High mass

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In the Roman Catholic Church, high mass is a solemn form of Holy Mass ( Missa sollemnis ). The term is the translation of Latin summum officium '(highest / s) service', 'office', corresponding to ancient Greek λειτουργία leiturgía 'public service', from λαός / λειτός laós, leitós ' people ',' crowd 'and ἔργον érgon ' work ',' Service '( liturgy ).

High mass as a Levite office

Levite office in the extraordinary form of the Roman rite: the deacon sings the Ite, missa est , in front of him stands the subdeacon in Tunicella, behind him the celebrating priest.

The high mass arose in the Roman rite in 10/11. Century by simplifying from the episcopal pontifical service . In the High Middle Ages it took place almost daily in cathedrals , monastery and collegiate churches as a common form of the convent mass or the chapter office . More recently, it has been transferred to church services on the one hand and limited to Sundays and public holidays on the other.

The high mass was characterized by the singing of the celebrating priest and the choir with the use of incense and other external ceremonies. In the “Levite Office” (named after the Old Testament tribe of the Levites ) the priest was assisted by a deacon in dalmatic and a subdeacon in tunicella . The deacon recited the gospel and the sub-deacon the epistle . In the case of special church services, an assisting priest ( presbyter assistens ) was also involved, wearing a choir cloak . If no deacon or sub-deacon was present, their liturgical roles could also be taken over by priests, the function of sub-deacon also by a male layman.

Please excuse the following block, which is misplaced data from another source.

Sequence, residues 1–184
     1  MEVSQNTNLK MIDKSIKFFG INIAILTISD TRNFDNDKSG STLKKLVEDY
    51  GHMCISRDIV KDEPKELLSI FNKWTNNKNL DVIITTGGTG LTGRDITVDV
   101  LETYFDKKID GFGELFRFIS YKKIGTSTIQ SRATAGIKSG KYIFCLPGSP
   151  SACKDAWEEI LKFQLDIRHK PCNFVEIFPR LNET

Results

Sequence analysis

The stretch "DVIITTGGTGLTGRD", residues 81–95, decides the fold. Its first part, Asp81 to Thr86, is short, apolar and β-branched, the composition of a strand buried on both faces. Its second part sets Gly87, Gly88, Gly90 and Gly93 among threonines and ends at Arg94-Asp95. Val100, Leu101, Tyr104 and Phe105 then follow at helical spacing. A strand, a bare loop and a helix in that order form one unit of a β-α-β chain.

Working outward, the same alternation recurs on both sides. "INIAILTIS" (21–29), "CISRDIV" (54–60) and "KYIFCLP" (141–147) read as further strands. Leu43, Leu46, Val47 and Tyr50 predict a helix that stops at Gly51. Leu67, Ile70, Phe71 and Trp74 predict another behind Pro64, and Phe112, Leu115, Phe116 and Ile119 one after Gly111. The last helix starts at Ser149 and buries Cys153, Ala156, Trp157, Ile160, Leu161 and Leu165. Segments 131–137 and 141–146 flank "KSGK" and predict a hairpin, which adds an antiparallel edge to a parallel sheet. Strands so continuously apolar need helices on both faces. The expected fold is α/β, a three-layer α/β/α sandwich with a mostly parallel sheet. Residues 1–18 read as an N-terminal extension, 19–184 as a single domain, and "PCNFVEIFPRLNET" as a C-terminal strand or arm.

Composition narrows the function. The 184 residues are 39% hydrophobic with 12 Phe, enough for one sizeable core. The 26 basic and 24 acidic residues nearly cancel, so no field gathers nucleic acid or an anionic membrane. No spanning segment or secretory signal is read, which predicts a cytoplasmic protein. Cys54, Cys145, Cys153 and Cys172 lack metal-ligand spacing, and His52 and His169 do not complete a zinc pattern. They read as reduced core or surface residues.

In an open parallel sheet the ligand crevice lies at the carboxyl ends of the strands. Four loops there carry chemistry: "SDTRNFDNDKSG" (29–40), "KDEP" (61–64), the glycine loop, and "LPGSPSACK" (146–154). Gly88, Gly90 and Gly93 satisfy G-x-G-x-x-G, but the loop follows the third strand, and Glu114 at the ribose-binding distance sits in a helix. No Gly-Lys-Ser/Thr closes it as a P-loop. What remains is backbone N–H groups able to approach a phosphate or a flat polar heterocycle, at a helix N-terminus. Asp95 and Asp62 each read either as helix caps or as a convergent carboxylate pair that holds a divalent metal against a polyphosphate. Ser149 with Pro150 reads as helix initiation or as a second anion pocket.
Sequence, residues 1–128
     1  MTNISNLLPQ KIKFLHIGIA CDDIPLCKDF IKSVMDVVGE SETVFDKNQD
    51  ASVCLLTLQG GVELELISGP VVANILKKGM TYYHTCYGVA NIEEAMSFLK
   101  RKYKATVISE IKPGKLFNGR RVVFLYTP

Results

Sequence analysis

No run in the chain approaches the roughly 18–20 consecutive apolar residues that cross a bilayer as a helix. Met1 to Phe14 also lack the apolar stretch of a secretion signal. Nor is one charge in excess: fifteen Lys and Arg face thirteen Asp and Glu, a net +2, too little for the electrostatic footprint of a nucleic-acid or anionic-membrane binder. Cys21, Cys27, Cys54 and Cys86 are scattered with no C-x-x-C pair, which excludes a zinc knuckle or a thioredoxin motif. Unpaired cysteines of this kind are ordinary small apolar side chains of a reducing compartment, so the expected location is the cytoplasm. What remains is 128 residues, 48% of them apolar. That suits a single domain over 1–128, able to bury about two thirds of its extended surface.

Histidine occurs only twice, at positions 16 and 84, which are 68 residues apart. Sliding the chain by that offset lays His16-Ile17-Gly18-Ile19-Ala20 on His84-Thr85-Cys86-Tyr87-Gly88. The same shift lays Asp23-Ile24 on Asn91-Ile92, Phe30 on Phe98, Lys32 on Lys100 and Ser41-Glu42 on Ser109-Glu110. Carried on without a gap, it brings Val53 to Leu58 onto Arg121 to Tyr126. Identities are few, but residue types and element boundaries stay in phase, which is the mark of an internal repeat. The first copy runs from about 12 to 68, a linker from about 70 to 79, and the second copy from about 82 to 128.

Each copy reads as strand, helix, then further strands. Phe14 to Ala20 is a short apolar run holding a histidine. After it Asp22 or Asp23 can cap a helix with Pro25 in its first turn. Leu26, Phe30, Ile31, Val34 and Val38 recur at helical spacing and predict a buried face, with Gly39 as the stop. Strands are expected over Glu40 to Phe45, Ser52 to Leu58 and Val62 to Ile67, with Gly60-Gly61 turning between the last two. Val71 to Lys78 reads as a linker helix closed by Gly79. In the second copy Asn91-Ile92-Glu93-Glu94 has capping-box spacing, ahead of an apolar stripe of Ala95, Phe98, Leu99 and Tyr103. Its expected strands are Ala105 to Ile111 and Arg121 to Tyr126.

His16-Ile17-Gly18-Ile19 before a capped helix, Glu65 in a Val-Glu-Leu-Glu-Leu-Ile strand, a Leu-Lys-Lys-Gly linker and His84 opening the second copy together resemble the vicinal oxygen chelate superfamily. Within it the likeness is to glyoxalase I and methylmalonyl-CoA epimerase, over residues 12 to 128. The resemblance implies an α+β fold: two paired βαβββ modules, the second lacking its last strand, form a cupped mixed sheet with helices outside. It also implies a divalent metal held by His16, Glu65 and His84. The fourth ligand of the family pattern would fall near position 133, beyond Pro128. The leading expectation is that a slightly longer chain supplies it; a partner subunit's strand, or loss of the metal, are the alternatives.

Since 1957, a “ Missa cum diacono ” (“Mass with deacon”, i.e. without a subdeacon) has been permitted during Holy Week , which was previously only used in some religious liturgies, e.g. B. the Carthusian rite occurred. Since the suspension of the subdiaconate by Pope Paul VI. in 1972 his functions at the holy mass are taken over by lecturers and acolytes , the Levite office was replaced overall by the "Missa cum diacono". If more than one priest is present, they usually celebrate Mass in concelebration . In the extraordinary form of the Roman rite , the form of the office of the Levites continues.

Indistinguishable from high office were the so-called Singmesse ( Missa cantata ) and the silent Mass ( Missa LEcta ).

High mass as a solemn (main) church service

The main mass of a parish on Sundays and holidays in the form of the missa cantata was referred to as “(high) office” , also “holy office”, even if no Levites were involved. After the liturgical reform of the Second Vatican Council , the distinctions between high mass and other forms were largely abolished in favor of the parish mass as the "basic form of the Eucharistic celebration". Popularly, however, the main worship service on Sundays and public holidays is still occasionally and regionally differently referred to as high mass, whereby the assistance of a deacon and the use of incense are no longer compulsory. In some monastery communities, the daily convent office is traditionally called “high mass” when it is solemnly organized.


  • Josef Andreas Jungmann : From the overall episcopal worship service to the Missa sollemnis. In: ders .: Missarum Sollemnia. A genetic explanation of the Roman mass. Volume I, 5th edition, Herder, Wien-Freiburg-Basel 1962, pp. 257-272.

Web links

Wiktionary: Hochamt  - explanations of meanings, word origins, synonyms, translations

Individual evidence

  1. ^ Josef Andreas Jungmann: Missarum Sollemnia. A genetic explanation of the Roman mass. Volume II, 5th edition, Herder, Wien-Freiburg-Basel 1962, p. 579.
  2. ^ Hans Bernhard Meyer : Eucharist: history, theology, pastoral. Pustet, Regensburg 1989, ISBN 3-7917-1200-4 (Church service. Handbook of liturgical science, part 4), p. 173.